When AIX mounts a fs it allocates a static naumber of fsbufs per filesytem. (and that is included in pinned memory). These numbers (last 5 lines) means that many times the buffer for the specified fs has been exhausted (no I/O can go through until the fs buffer unblocks)
# vmstat -s 15503846449 total address trans. faults 3320663543 page ins <== filesystem reads from disk (vmstat:page:fi) 3257961345 page outs <== filesystem writes to disk (vmsta:page:fo) ----------------------------------- 1775154 paging space page ins <== vmstat:page:pi 2477803 paging space page outs <== vmstat:page:po ----------------------------------- 0 total reclaims 9424678118 zero filled pages faults 158255178 executable filled pages faults ----------------------------------- 36410003498 pages examined by clock <== vmstat:page:sr 169803 revolutions of the clock hand 2438851639 pages freed by the clock <== vmstat:page:fr ------------------------------------ 179510410 backtracks 699 free frame waits 0 extend XPT waits ------------------------------------ 192163699 pending I/O waits 6572422694 start I/Os 447693244 iodones ------------------------------------ 43768541570 cpu context switches <== vmstat:faults:cs 12683830408 device interrupts 528405827 software interrupts 4196361885 decrementer interrupts 40062263 mpc-sent interrupts 40062181 mpc-received interrupts 772686338 phantom interrupts 0 traps 102934901653 syscalls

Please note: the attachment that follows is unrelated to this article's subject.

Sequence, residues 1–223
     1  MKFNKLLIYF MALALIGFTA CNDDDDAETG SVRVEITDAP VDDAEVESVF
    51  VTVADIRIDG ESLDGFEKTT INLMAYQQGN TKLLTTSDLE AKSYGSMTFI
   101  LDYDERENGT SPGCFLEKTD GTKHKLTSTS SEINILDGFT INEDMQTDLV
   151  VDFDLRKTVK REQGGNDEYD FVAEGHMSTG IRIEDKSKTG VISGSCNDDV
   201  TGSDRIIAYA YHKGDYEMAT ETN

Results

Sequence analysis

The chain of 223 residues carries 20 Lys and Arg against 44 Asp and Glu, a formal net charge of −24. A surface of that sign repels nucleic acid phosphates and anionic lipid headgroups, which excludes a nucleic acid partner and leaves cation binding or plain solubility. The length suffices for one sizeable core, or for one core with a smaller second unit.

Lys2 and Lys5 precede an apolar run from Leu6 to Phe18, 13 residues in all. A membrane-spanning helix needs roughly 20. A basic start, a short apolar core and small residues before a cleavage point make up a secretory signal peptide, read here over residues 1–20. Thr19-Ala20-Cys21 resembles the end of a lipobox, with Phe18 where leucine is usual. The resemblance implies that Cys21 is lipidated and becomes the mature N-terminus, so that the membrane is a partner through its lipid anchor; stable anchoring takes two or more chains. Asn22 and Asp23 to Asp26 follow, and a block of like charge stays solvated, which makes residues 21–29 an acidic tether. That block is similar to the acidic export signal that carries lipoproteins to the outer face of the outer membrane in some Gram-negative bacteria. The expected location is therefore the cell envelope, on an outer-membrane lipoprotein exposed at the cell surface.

total address trans. faults
Every page ins/outs will cause 1 total addr. trans. faults.
- If the sum of page ins+outs is higher that total addr. trans. faults, it means data is paged in and out that has the total addres trans. faults already calculated, so I am reading in and out the same data
- If the sum of page ins+outs smaller than total addr. trans. faults it means we are not reading/writing the same data, but there are additional io probably from process executions...